Monday, May 9, 2011

The Last Supper

(Disclaimer: So far, a lot of my posts have been about the juxtaposition of a law career and motherhood.  This one is pure, raw motherhood.  So to all the male, childless attorneys out there reading, my apologies in advance if this post just isn't your thing.) 

After 6 and a half months, my son, Casey, is officially weaned.  We have brought out the bottles, and a new era begins.  I am heartbroken.

I never thought I would be the type who would fall in love with breastfeeding.  I've always been a new age hippy wannabe, but I never quite get there.  When I was pregnant, I took a natural birthing class in the hopes of giving birth drug free.  I didn't labor long before I begged (okay, screamed)  for an epidural.  I will only buy organic fruits and vegetables, and I make my own baby food, yet I take my son to McDonalds once a week.  I go on yoga and meditation kicks, but I am probably one of the more high strung people you will meet.

So when it came to breastfeeding, before Braden (my first son) was born I had a similar half hearted dedication.  My goal was to make it to six weeks.  I felt good about this target, as it meant Braden would get all the antibodies and benefits early on, and then it wouldn't be too long before my husband could share in the feeding and nighttime duties.  And anyway, I have low bone density, so I was advised by my doctor to only breastfeed for six months max.  I purchased all the related breastfeeding gear - ointments, pads, pump - but expected to shelf it in relatively short order after my son was born.

And then Braden came.  The labor was long, but otherwise uncomplicated, and the first time I looked at him was the most amazing moment of my life.  It was such an out of body experience - this baby came out of me?!?!?  A real life person?  My husband and I both cried.  And within moments, he was wrapped in a blanket, on my chest, and breastfeeding.  The moment had been so overwhelming that I almost didn't notice I was feeding him.  It was just so natural - just the way it was supposed to be.  Braden was not inside me anymore, but we were still so intertwined and connected.  From that moment, I was hooked.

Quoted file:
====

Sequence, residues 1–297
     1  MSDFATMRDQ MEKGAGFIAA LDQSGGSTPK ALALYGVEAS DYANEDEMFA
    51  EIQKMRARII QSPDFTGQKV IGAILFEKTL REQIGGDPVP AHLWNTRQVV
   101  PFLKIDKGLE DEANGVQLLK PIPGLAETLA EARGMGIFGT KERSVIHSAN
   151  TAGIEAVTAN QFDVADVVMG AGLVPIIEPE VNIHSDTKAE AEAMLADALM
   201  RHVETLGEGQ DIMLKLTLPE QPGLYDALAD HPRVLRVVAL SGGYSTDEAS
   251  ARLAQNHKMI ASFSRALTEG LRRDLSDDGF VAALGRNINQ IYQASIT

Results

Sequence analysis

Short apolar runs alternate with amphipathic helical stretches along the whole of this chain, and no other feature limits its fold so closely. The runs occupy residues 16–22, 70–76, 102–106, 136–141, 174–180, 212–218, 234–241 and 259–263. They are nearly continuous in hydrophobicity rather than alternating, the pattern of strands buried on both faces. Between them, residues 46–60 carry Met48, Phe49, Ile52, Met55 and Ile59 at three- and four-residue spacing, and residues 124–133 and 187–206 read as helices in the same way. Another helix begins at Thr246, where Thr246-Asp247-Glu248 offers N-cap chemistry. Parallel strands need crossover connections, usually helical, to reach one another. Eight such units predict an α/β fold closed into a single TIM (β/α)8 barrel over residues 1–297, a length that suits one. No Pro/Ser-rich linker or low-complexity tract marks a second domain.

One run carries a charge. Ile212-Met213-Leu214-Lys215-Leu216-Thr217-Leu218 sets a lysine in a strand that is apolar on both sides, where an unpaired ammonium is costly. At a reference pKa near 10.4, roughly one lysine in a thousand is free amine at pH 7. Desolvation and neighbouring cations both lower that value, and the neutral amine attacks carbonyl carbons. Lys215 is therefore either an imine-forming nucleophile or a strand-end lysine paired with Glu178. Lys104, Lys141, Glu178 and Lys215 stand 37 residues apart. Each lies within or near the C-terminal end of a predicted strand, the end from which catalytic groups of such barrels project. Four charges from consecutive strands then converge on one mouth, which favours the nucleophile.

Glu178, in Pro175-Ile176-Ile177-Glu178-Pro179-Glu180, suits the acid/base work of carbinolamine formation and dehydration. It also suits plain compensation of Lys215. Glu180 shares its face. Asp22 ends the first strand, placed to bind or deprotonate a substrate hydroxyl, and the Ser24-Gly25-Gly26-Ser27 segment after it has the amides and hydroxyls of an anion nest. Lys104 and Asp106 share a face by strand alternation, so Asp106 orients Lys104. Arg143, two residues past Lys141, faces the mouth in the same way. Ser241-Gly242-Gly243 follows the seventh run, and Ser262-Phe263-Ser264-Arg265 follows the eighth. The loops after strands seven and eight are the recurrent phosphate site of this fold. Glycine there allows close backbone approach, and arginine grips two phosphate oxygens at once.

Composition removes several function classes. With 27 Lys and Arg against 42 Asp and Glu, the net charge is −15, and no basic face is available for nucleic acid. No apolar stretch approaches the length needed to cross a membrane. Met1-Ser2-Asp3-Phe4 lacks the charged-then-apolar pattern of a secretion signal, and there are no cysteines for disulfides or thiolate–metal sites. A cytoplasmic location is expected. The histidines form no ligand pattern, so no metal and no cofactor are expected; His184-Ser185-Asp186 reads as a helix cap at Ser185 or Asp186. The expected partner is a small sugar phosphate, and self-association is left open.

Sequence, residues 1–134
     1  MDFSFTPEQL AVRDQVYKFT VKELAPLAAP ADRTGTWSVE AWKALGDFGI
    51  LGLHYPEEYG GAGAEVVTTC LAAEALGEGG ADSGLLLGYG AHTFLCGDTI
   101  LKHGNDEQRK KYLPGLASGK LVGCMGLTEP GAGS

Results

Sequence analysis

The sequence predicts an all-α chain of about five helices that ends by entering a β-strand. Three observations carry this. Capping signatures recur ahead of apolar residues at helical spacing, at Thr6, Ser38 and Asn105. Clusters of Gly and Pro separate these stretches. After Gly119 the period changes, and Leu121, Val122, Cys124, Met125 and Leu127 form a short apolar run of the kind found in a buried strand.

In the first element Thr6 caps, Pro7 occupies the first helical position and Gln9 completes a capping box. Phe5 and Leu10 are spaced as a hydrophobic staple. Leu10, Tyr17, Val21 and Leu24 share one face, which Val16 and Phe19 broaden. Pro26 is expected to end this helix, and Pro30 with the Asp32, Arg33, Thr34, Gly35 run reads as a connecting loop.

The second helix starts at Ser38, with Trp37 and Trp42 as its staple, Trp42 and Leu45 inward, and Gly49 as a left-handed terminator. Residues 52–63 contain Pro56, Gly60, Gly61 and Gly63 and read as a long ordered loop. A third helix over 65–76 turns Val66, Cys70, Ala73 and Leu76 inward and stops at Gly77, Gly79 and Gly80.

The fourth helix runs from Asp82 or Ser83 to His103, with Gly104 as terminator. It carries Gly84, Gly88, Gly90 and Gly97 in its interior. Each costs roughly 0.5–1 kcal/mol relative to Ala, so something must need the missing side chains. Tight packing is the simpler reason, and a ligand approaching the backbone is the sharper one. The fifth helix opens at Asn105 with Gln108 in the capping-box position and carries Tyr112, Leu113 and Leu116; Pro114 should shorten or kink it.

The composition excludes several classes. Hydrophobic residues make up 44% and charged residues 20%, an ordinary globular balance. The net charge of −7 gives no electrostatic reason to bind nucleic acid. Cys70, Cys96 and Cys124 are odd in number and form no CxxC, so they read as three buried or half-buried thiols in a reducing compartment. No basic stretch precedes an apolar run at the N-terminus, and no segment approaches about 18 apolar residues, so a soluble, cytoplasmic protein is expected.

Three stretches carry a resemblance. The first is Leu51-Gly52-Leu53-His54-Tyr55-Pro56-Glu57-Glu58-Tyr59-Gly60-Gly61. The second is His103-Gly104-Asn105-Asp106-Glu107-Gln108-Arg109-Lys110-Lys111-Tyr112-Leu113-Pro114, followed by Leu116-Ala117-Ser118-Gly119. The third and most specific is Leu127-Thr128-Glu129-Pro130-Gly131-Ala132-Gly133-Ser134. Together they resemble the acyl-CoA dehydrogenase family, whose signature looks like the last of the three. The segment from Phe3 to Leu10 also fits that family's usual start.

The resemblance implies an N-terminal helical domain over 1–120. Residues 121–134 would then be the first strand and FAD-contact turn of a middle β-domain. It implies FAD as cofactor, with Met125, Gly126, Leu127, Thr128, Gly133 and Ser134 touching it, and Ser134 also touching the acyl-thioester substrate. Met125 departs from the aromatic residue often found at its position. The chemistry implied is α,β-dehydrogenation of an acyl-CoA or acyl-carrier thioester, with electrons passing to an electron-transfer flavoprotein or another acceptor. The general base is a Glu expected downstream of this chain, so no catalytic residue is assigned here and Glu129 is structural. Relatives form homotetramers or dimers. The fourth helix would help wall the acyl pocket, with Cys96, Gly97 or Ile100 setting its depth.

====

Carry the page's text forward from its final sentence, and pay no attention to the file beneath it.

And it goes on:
Of course, in the beginning breastfeeding wasn't all smiles and rainbows.  The first week or so involved a lot of pain, frustration, and constant concern over whether Braden was getting enough milk.  But he and I were partners in this endeavor, and we worked together, equally, to get it right.  And we did.  In this regard, I know that I am lucky, as it doesn't always work out for everyone.  And I am not one of those breastfeeding nazi moms who looks down on anyone giving their child under 2 a bottle.  But for me, the frustration and pain soon subsided, and lest I worry that Braden wasn't getting enough milk, well.... just take a look at him: 

Braden, circa 2 months old.

Yes, his cheeks did eventually become normal sized.  But I digress.

Of course, the implications of being your child's only food source is that you are on your own.  People can help you with diaper changes, burping, and rocking the baby to sleep, but in the end, it is just you and the baby in the trenches.  And while Braden adapted to life outside of me, and all of the associated physical challenges, I adapted to my new body as well.  The leaking, the sleep deprivation, and an entirely new purpose in life.  But it was beautiful.  And Braden and I became so bonded, not only because of the breastfeeding itself, but because we were both undergoing transformations at the same time, and adjusting to each other.  He and I alone could appreciate this struggle.